viomisehunt (viomisehunt) wrote in doctorwho,

Thoughts on the Dilemma of a Black Doctor

Although there lingers a cringe-worthy suspicion that writers may have intended the character as a Martin Luther King Type, Solomon stands as an example of how a man of color can realistically take charge in a Doctor Who drama. The characters of Guido and Isabella, although they succumbed to the adage of the "Black people always die" were still strong sympathetic persons who were cast as historically correct for that time and place. (Note the Doctor talks about Guido possibly changing religion (Islam?) and name to fit in.)

Stories about persons of African, Asian, Middle Eastern staged in the past do not have to include encounters with ignorant or racist persons to be historically accurate. In fact the stories don't have to take place in Europe or "white" communities in America at all. Believe it or not, Black Britons did visit other areas--Darwin talks about meeting Black British sailors and one of his instructors, John Edmonstone, was a freed man of color who taught the skill of taxidermy.

Is it possible that real problem many fans have with the introduction of a Black Doctor is the fear of a proliferation of racially insensitive or ignorant White American/British characters like Baines, Joan-you read that in a book-Redfern, and Rocastle?

If so, what can be more racially insensitive than the assumption that because institutions like slavery, immigration discrimination, and Jim Crow existed in the past, all white people subscribed to societal racism?

European colonist protested the slave trade in their native countries and in the American colonies. In the 1400-1500s when Queen Mary and Elizabeth I were vilified by writers and critics outside of England, French, Dutch, German, and Portuguese authors and historians wrote about Angolan Queen Nzhinga and Princess Amina of Zaria (Yes, the books and 'histories' were reflections of what continues to be a European fascination with the so-called exotic, but Amina and Nzhinga were real people and rulers.)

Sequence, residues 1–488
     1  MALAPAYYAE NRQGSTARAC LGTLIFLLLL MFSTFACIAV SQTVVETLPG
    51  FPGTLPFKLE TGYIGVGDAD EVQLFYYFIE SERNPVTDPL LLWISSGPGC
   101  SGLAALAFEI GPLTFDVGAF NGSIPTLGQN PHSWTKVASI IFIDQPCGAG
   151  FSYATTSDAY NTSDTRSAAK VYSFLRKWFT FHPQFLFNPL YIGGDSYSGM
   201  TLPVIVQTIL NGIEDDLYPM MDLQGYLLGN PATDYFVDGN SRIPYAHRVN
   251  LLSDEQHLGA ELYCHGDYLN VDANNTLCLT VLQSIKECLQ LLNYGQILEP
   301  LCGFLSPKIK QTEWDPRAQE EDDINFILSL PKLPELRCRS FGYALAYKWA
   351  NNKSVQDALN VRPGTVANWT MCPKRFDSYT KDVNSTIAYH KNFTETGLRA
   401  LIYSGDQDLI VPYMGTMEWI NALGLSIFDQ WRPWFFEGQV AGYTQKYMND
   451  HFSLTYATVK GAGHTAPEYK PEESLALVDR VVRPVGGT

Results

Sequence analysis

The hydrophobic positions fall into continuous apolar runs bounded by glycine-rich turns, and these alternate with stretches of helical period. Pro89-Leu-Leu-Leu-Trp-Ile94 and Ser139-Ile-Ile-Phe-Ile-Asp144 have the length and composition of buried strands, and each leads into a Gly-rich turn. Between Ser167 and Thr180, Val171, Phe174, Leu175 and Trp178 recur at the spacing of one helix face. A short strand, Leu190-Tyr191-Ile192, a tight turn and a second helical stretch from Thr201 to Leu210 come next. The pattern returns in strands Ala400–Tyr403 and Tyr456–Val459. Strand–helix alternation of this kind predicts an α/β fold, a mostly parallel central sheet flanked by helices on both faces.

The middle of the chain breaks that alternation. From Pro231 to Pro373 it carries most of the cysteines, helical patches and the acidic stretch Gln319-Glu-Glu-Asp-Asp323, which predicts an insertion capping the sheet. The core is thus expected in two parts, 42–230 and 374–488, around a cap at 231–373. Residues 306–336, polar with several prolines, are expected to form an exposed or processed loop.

Imperial European nations engaged in a love-hate relationship with the moral issue of slavery, freedom religion and culture, as well as simple appearance with nations they conquered. And most nations of the world still struggle with welcoming people from certain nations and faiths into their countries.

Still, At various times Africans and Asians in European society found freedom and mobility as a result of religious conversion or what their European "host" considered exemplary service or talent. Alexander Dumas stories were drawn from his Father's stories as a soldier in the French "Negro" Corps under the command of this Gentleman.

Elizabeth the First, after hearing of Hawkins and Drake's savage raids on African villages, predicted the Heavens would retaliate. Over half of the Abolitionist Groups in the USA were "white" Americans, and nearly all of the members of UK's Anti-Slave Trade Groups, Abolitionist groups, Anti-Caste Society, and Anti-Lynching group in the UK were white. Although a scary large number of persons possibly rose as one with Enoch's River of Blood speech in 1968, according to reports an equally large number of persons were appalled and stood against it.

Mary Shelley, whose parents were actively involved in the British Anti-Slave movement is said to have drawn inspiration for Frankenstein from the deplorable conditions many newly freed British Slaves a vindictive sugar and shipping industry subjected them to after the Anti-slave trade law was passed.

African and Black British businessmen, poets, musicians can be traced to Elizabethan time and before in the courts of Elizabeth and her Uncle by marriage, James of Scotland who seems to have given a generous sum money to a mysterious woman of African descent. Elizabeth I's letters and financial statements indicate the Queen was fond of and heaped gifts of clothing and (possibly relative trinket not royal) jewels upon her personal "African" maidservant/musician.

Queen Victoria wrote with true affection for her adopted African Princess ward and her God-daughter Victoria Davies. She welcomed abolitionist and writer Josiah Henson, and expressed her support in “his peoples” fight for social equality. (Yeah, this is the same Queen Victoria who ruled over a government that held much of the African and Asian nations in colonial bondage-go figure.)

The most loved stories of persons of African, Asian, Polynesian, Aboriginal, Maori, South & North American Indigenous descent--told by Persons of Color or these Nations --are not about the power of oppressive societies but Humanity's tales: An individual's triumph over adversity, struggle to achieve ethical courage, devotion to family, romance and love.

Perhaps the answer is not hiring a Black Doctor or Black Companion/Assistant, but engaging some Britons of African, Asian, or Middle Eastern familial descent in the writing, research and production pool.
Tags: discussion, race
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